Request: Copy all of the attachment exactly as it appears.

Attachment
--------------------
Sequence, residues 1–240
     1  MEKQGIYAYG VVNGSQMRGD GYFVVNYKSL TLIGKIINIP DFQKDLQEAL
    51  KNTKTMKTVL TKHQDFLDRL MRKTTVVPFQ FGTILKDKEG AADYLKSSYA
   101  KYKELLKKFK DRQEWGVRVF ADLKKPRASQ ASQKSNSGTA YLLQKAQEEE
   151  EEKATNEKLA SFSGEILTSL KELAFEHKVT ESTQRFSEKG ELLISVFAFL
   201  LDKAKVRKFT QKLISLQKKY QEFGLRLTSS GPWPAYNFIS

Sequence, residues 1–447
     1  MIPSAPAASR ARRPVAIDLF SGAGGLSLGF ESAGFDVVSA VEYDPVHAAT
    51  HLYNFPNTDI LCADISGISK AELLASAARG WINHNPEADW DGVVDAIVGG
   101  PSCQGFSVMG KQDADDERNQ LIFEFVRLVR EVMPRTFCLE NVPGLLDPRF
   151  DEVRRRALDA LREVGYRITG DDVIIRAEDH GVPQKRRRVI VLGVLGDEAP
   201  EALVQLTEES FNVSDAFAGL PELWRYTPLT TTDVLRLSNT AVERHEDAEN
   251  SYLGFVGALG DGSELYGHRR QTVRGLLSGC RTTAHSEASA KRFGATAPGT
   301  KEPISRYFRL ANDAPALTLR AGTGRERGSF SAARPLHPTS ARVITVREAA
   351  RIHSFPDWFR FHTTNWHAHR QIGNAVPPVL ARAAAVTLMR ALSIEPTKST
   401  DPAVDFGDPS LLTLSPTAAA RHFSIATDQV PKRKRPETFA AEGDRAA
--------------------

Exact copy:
Sequence, residues 1–240
     1  MEKQGIYAYG VVNGSQMRGD GYFVVNYKSL TLIGKIINIP DFQKDLQEAL
    51  KNTKTMKTVL TKHQDFLDRL MRKTTVVPFQ FGTILKDKEG AADYLKSSYA
   101  KYKELLKKFK DRQEWGVRVF ADLKKPRASQ ASQKSNSGTA YLLQKAQEEE
   151  EEKATNEKLA SFSGEILTSL KELAFEHKVT ESTQRFSEKG ELLISVFAFL
   201  LDKAKVRKFT QKLISLQKKY QEFGLRLTSS GPWPAYNFIS

Sequence, residues 1–447
     1  MIPSAPAASR ARRPVAIDLF SGAGGLSLGF ESAGFDVVSA VEYDPVHAAT
    51  HLYNFPNTDI LCADISGISK AELLASAARG WINHNPEADW DGVVDAIVGG
   101  PSCQGFSVMG KQDADDERNQ LIFEFVRLVR EVMPRTFCLE NVPGLLDPRF
   151  DEVRRRALDA LREVGYRITG DDVIIRAEDH GVPQKRRRVI VLGVLGDEAP
   201  EALVQLTEES FNVSDAFAGL PELWRYTPLT TTDVLRLSNT AVERHEDAEN
   251  SYLGFVGALG DGSELYGHRR QTVRGLLSGC RTTAHSEASA KRFGATAPGT
   301  KEPISRYFRL ANDAPALTLR AGTGRERGSF SAARPLHPTS ARVITVREAA
   351  RIHSFPDWFR FHTTNWHAHR QIGNAVPPVL ARAAAVTLMR ALSIEPTKST
   401  DPAVDFGDPS LLTLSPTAAA RHFSIATDQV PKRKRPETFA AEGDRAA